75,000 Person Hours of Public Health Capacity Building in Minnesota and Other Year 1 MNPHC Program Outcomes
Last year, we (ServeMinnesota, Ampact, and University of Minnesota School of Public Health) partnered to develop and launch Minnesota Public Health Corps (MNPHC) and published a JPHMP blog post about its launch. The first year of the program wrapped up in July and here we present some of our year one successes and challenges, as well as changes and goals for program year two.
The overall goal of MNPHC, an AmeriCorps program, is to station its members as Public Health Project Coordinators in health departments to build the capacity of governmental public health across Minnesota. Additionally, MNPHC aims to create the next generation of public health leaders by providing its members with public health-specific trainings and experiences that introduce them to the field and give them key qualifications when applying for jobs. This double aim is critical. Many health departments backlogged numerous projects due to the COVID-19 pandemic, and, according to PH WINS their future capacity is threatened with about 40% of public health employees planning or considering leaving their current positions and a low percentage of young employees entering the field (only 2% of the workforce is aged 19 to 25).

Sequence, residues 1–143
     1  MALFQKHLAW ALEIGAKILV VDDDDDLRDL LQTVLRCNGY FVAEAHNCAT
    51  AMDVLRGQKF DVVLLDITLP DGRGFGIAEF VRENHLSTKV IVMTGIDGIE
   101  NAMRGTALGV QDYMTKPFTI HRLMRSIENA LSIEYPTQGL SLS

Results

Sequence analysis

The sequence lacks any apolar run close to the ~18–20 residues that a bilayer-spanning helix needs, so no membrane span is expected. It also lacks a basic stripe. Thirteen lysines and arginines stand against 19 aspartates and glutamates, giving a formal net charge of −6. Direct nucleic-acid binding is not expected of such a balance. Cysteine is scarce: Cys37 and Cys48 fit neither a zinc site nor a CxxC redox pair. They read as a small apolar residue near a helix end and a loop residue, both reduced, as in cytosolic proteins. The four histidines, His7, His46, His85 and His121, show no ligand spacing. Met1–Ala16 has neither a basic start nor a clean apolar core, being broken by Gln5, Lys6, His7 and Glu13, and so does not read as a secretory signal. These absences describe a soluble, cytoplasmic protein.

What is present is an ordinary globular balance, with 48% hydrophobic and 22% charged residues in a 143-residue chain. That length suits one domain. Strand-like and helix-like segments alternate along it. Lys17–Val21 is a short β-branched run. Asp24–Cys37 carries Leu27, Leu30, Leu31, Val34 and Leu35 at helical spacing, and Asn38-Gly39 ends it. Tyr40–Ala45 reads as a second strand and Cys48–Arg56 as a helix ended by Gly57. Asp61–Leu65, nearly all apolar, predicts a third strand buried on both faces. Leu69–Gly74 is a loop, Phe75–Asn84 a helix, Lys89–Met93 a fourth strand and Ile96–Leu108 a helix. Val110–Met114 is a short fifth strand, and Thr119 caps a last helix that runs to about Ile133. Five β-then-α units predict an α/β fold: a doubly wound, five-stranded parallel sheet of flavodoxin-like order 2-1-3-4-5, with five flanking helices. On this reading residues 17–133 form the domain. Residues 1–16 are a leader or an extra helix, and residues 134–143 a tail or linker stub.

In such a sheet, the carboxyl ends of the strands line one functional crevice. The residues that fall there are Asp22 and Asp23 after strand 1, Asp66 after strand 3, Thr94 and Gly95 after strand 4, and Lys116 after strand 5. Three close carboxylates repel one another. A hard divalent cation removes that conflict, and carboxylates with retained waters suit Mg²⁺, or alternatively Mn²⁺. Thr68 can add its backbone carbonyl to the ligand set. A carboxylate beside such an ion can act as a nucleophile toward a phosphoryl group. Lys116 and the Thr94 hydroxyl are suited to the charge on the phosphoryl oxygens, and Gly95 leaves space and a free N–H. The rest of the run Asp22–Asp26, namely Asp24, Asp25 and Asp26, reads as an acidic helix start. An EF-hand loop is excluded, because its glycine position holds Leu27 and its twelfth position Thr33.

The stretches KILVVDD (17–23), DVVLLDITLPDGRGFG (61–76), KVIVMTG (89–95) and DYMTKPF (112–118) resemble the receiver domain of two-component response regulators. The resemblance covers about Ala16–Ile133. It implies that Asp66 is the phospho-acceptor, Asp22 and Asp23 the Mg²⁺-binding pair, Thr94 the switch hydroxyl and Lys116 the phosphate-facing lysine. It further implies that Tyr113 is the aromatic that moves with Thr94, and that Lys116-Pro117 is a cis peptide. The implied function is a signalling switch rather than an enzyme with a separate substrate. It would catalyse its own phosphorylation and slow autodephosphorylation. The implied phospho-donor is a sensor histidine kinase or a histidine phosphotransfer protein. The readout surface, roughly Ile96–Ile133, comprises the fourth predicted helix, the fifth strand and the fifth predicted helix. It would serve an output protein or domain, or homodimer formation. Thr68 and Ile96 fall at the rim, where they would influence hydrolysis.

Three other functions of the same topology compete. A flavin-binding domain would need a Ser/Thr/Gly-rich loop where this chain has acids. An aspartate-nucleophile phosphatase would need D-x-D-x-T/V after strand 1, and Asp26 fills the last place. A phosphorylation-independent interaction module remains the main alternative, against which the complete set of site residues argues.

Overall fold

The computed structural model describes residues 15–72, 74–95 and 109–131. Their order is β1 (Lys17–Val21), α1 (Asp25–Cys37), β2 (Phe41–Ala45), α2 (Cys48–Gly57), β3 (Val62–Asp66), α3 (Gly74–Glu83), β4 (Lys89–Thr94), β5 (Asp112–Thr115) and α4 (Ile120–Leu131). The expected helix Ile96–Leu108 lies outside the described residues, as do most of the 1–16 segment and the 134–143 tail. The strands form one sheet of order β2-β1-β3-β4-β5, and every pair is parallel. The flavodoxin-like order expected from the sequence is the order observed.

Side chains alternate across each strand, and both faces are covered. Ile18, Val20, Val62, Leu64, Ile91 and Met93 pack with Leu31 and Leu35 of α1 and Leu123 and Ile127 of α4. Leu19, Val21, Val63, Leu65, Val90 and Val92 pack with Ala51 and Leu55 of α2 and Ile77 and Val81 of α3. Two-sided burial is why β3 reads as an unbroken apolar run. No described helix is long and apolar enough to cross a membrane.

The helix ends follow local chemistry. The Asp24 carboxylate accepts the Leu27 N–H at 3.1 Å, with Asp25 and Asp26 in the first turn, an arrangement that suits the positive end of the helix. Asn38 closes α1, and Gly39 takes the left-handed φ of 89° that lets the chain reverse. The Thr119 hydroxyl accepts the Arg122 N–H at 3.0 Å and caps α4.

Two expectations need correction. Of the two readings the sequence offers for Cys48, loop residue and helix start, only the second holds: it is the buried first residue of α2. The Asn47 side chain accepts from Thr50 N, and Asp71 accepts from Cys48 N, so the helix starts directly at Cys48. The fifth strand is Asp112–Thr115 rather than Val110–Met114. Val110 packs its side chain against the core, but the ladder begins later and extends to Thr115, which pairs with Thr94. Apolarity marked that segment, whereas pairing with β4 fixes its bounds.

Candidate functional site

In year one of MNPHC, members worked to provide assistance to their agencies in five categories: data collection and planning, data analysis and interpretation, internal process improvement, community engagement and communications, and COVID-related activities. A total of 61 members were placed across 36 counties (41% of MN counties; at least 1 site in each region). Members collectively provided about 75,000 person hours of capacity building within their agencies. Host sites included local county public health agencies, city public health departments, community health boards, the state association of county and city health officials, and the state health department.
Site level results
Members spent most of their time engaged in either community engagement and communications (33% for urban sites and 21% for rural sites) or data collection and planning (25% for urban sites and 29% for rural sites). Additionally, the average capacity score (0 to 10 with 10 being high) increased for all areas except COVID-related activities (though this is likely due to the pandemic officially ending mid-service term). Community engagement and communications and data collection and planning capacity levels increased the most (4.97 to 7.06 and 5.18 to 6.50, respectively). When asked how members increased agency capacity, 83% of sites agreed or strongly agreed that their members helped them extend reach to new communities, 84% agreed or strongly agreed that members helped them increase their organization’s efficiency, and 89% agreed or strongly agreed that their members enabled more engagement with community members or other stakeholders. Additionally, many of the agencies served by MNPHC are Public Health Infrastructure Grant recipients and members’ projects were also able to help awardees work towards their grant goals.
Member level results